I am not a person who is great at absolute thinking. Making decisions can stymie me and trap me in limbo. So I have to find questions to ask myself to guide me out of that place of inertia. One of the most useful questions I fall back on, especially when I want to allow a moral dimension I might be missing to become clear is to ask: “is this really necessary?” Not in the abstract or absolute, but right in the moment of the situation I am trying to decide about.
I realize for many people being an ethical vegan is an absolute, but in my case my ethics have emerged over time, and are still emerging, situation by situation. So I ask the question “is this really necessary?” in an effort to become more aware.
Five years ago when my golden retriever was dying, much to her own dismay, she could not get up easily, and so had to abandon her naps on the back porch crushed up against the screen door. It was late summer. Apparently, unbeknownst to me, now that I was also cat-less, her regular naps at this location made her a huge door plug, effectively sealing any small gaps that mice might slide under, as they scrambled to settle themselves for the winter months.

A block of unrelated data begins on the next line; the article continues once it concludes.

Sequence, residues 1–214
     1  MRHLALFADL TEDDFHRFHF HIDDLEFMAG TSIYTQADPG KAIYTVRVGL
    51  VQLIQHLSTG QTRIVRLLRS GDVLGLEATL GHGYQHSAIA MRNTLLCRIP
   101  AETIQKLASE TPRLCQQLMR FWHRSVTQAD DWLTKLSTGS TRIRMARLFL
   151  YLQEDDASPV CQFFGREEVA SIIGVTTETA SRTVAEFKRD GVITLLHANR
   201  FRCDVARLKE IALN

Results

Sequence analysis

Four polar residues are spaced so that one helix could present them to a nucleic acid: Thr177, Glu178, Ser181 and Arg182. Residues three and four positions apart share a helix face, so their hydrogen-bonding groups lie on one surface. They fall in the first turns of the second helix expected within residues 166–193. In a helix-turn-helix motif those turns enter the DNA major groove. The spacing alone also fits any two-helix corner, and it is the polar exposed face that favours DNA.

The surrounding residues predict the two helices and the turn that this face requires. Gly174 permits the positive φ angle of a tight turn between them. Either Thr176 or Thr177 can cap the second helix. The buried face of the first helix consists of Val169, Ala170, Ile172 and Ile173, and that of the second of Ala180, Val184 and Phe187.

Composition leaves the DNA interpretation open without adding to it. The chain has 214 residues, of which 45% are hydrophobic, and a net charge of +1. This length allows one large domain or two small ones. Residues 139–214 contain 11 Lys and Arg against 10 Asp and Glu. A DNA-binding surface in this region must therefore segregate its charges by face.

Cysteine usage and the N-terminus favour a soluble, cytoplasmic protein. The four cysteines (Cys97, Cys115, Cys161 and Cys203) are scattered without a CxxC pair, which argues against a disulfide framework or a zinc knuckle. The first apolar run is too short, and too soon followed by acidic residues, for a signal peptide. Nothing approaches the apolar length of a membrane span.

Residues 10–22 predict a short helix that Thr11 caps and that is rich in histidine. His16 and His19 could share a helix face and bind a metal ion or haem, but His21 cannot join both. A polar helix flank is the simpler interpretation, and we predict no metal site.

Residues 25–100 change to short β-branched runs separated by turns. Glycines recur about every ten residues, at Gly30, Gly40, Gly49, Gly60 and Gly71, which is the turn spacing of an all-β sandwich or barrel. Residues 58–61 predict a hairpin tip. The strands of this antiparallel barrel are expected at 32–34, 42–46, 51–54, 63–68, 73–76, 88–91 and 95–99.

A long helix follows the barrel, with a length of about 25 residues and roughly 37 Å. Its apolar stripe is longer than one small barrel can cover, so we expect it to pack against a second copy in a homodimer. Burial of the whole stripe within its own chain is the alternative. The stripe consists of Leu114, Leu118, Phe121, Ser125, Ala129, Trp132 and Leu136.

The first time I saw one enter and scramble back behind the dryer in the kitchen I was so blinded by the exhaustion of my vigil with the dog that I couldn’t process what had happened. My yard had been visited by a few wild bunnies that summer, who hid in the raspberries and nibbled here and there on edges of kale or peas. One was curious enough about those of us living in the house that it would come up and listen under the huge old rose that backs itself into the porch slab, and then I would see it bound across the yard as I opened the door and stepped out. It would make me laugh to think of it eavesdropping. Early that Spring I had found a tiny wreath of hairless baby bunnies dead out in the herb garden. Was it possible the owl that sometimes roosted in the huge evergreens next door had picked their mother off? I decided to bury them. They were so small they could be scooped up into the shovel all at once. So my first bleary thought was, “are there new baby bunnies? Did one just come into the house?”